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The spatial pattern of population, and the concomitant spatial arrangement of human settlement, constitute the most essential geographical expression for the distribution which provides human geography with its starting point. This distribution both reflects and influences a nation's social, economic and political organisation. It defines to some extent the problems a society faces in attempting to guide the pace and direction of change, and fundamentally influences the opportunities for and constraints on future development (Rondinelli and Ruddle 1978). Small wonder, then, that most governments have attempted to modify or mould the distribution of population and settlement to a greater or lesser degree.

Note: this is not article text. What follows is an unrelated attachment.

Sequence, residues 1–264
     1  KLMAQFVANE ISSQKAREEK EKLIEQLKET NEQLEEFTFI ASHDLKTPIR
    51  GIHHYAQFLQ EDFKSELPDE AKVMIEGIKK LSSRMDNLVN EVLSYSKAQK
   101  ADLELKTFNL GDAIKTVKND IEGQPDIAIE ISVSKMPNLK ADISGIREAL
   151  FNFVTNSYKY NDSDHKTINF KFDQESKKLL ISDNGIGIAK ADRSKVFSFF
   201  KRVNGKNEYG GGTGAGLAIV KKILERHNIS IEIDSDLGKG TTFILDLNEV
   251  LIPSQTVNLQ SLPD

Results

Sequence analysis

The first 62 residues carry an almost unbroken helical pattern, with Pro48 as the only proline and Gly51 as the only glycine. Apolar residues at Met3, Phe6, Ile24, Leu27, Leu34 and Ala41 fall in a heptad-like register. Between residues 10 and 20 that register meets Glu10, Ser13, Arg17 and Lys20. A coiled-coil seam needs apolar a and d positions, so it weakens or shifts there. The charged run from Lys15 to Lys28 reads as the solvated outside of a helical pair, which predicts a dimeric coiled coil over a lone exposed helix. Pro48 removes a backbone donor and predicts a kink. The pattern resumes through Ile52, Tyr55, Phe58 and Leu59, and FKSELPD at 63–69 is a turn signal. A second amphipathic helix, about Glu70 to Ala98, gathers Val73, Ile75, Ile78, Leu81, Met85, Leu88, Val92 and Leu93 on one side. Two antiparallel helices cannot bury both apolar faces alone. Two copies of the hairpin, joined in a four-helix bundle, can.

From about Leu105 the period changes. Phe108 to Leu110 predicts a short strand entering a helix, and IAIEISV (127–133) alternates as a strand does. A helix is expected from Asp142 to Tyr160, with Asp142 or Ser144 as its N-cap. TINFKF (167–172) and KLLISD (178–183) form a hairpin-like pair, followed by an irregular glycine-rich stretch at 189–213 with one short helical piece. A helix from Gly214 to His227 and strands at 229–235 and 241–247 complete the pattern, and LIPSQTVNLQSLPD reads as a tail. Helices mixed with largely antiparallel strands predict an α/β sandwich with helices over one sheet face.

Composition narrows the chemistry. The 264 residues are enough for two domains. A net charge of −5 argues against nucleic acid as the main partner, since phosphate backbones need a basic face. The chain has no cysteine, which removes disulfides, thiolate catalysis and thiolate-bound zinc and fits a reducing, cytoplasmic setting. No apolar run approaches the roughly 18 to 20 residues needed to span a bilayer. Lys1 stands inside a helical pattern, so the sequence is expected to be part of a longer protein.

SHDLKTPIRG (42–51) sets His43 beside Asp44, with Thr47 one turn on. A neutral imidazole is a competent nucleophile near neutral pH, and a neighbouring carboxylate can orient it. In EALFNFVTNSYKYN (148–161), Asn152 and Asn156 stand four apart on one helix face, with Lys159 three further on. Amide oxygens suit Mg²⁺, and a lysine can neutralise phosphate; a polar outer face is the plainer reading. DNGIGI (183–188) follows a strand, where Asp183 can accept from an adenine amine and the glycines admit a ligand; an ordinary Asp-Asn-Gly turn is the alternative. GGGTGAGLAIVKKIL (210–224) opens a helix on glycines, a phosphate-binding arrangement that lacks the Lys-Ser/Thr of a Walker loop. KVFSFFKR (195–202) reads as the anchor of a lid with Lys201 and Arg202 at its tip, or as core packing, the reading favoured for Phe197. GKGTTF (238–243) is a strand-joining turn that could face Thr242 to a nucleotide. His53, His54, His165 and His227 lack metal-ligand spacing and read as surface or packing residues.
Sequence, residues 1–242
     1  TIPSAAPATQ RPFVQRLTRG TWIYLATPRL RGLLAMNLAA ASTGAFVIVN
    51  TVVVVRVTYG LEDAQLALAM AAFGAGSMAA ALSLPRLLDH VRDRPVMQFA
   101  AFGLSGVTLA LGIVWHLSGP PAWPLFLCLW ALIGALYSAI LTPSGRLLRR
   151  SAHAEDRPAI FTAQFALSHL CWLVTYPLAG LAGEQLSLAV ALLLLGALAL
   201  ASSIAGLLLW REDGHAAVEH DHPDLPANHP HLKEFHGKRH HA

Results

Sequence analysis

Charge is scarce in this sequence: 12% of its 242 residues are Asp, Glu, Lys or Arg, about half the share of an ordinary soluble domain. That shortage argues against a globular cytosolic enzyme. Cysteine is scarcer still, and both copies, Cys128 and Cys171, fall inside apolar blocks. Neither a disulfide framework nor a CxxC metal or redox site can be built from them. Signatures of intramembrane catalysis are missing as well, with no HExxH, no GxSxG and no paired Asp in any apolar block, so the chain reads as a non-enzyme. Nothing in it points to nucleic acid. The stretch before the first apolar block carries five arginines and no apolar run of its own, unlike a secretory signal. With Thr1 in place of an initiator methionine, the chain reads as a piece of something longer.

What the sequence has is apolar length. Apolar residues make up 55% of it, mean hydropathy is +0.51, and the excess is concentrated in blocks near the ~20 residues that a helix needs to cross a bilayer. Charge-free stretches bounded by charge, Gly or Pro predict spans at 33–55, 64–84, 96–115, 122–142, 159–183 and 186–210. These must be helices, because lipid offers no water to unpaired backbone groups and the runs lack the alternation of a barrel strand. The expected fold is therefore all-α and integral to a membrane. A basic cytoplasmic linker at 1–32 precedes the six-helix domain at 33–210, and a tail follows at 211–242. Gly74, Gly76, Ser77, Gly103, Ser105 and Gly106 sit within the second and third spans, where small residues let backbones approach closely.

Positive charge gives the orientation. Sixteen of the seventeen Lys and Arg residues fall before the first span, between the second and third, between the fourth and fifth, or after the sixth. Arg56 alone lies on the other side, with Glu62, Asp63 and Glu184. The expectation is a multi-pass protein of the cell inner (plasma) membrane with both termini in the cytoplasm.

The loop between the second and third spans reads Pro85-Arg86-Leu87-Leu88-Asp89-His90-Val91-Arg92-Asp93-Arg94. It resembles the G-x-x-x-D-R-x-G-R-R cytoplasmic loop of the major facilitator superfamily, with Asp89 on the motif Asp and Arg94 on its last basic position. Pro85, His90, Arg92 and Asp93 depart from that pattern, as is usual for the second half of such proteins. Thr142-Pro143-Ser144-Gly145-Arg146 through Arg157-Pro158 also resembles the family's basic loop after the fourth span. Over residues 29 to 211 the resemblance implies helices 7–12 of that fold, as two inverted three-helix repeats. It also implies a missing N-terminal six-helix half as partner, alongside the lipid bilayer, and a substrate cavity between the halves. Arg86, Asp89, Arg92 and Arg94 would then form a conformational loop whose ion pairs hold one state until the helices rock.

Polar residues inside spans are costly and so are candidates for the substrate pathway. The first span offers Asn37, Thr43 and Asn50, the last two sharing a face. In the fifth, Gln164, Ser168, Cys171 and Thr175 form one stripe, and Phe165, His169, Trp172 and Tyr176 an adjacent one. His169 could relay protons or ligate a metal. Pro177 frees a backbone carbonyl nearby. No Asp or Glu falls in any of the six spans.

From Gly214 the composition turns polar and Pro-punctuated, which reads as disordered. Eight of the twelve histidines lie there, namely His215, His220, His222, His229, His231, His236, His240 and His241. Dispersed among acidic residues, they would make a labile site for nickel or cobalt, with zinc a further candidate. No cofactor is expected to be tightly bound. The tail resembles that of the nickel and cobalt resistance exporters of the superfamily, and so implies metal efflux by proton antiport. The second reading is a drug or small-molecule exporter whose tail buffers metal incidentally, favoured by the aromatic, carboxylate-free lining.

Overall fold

Past South African governments have been no exception with population policies during the apartheid era geared to maximising the proportion of the black population living in Bantustans located on the periphery of the national space-economy. South Africa's first democratically elected government of 1994 has inherited an urban system which reflects the country's history of colonisation, white settlement and apartheid policies. With the removal of restrictive legislation and more permissive urban planning, changes in both the volume and spatial patterns of urbanisation are to be expected. Urban-rural disparities in incomes, actual or perceived job prospects and service provision are likely to fuel migration flows. Given the already high concentration of population in metropolitan areas, especially Gauteng, together with high levels of unemployment (Rogerson 1995) and large housing backlogs (Lupton and Murphy 1995), the desirability and possible form of a national urbanisation strategy must clearly be considered. The government's white paper on urban development (Government of South Africa 1995a) largely fails to address this issue. It categorises South African urban settlements into a four-level hierarchy with dividing points at populations of 100,000, 500,000, and 2,000,000, following classification used by the United Nations in the developing world.1 This crude classification conceals more than it reveals, leading to the assertion in the white paper that South Africa's urban hierarchy is ‘not an unbalanced one, with the relative sizes of urban settlements from the largest to smallest corresponding with international norms’ (Government of South Africa 1995a: 17). However a recent analysis of the urban hierarchy suggests otherwise (Lemon and Cook 1994), as will be seen below. The white paper also takes no account of the very considerable variations in the nature of the existing hierarchy.